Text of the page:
The second release under his own name finds Minneapolis resident Chris Bartels deeply indulging in his rather theatrical and ambient musical vision and coming to us with compelling results. This isn’t a collection utilizing atmospherics for the sake of it alone. Bartels, instead, intelligently manipulates sound in such a way that the sonics tell every bit as much of the composition’s story as anything served up by traditional elements like the lyrics and musical arrangement. Myths and Mold is a five song EP with remarkable stylistic dexterity. His inventive use of guitar is a key part of the EP’s artistic success, but other instruments exert an equally important hold over some critically important songs. There’s an obviously elevated creative sensibility behind the songwriting, but Bartels’ talents are such that it never loses any accessibility for average listeners. Emotion is wide open here and points of entry are varied and clearly discernible.
The general bent of the album is obvious after a few listens, but doesn’t immediately reveal itself. “Blind” and “Missoula” are largely built around two key musical components – Bartels’ guitar work and the distinctive method and sound he utilizes with the vocals There are a lot of clear antecedents in the current music scene for what he does vocally, but he can’t be fairly labeled as an imitator. Bartels manages to achieve musical, poetic, and theatrical effects through his use of choir voices, unobtrusive post production effects, and multi-tracking. The guitar work on these first two songs has a similar bent. Bartels plays angular, sometimes seemingly a-melodic lines foreign to the Standard Rock Guitar playbook handed out to most budding musicians by their thirteenth birthdays. He obviously plays for effect rather than guitar hero accolades and his deceptively simple melodic contributions are critical to the overall success of both tunes.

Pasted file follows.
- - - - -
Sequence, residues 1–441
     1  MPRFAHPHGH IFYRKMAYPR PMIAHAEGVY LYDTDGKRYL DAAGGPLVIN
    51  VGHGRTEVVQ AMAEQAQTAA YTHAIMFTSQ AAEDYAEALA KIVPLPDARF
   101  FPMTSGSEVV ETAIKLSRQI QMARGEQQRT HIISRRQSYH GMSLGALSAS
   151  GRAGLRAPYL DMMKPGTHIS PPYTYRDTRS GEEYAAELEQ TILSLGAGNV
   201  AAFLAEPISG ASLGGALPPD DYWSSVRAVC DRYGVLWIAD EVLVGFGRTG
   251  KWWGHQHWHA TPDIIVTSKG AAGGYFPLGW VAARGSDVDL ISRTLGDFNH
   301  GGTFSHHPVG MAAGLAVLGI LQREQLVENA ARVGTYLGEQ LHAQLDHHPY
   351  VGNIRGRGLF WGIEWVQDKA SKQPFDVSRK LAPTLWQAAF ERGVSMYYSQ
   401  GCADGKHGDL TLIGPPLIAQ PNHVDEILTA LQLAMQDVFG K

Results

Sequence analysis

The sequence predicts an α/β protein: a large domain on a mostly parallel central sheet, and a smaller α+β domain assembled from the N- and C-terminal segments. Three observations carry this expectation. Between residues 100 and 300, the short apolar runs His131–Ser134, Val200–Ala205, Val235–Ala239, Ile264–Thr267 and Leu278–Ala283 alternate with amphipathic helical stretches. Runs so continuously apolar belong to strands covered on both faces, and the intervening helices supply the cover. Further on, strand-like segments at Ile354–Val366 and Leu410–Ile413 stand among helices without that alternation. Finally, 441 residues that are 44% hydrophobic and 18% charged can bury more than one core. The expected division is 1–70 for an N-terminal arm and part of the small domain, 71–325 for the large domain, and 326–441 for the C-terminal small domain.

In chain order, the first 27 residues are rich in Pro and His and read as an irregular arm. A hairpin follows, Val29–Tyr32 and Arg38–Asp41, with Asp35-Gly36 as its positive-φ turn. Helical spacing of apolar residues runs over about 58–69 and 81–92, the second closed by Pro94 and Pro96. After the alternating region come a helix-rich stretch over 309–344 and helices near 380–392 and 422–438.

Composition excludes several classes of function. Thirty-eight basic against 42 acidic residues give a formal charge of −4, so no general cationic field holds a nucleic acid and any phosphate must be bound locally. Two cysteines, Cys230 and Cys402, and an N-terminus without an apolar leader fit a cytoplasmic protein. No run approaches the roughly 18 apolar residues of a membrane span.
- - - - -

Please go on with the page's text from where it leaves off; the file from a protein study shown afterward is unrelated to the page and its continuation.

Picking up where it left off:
The one exception to the aforementioned general slant of Myths and Mold is the title track. This is almost a purely electronica affair and quite short. Despite its shortness, Bartels’ songwriting redeems any drawbacks we might associate with too brief of a song. The rhythm track for the song is especially compelling. “Stay” brings piano more to the forefront instrumentally and the classical aspects of the instrument are a good fit for Bartels’ synth and electronic embellishments. It is, perhaps, the closest thing to a ballad on Myths and Mold, but its aching vulnerability never seems showy. The guitar reasserts its presence on the concluding track “Counting Hands”. There is a more structured quality to this song, however, than the album’s opening duo. It is still distinctly Bartels, however – there’s a sense of elusiveness about his artistic spirit that comes through in anything he touches. These are five songs sharing common characteristics, but they also diverge sharply on key points and the entire work gains added depth as a result. Myths and Mold shows him, even in EP form, as a songwriter and performer of astonishing variety.
Written by Montey Wright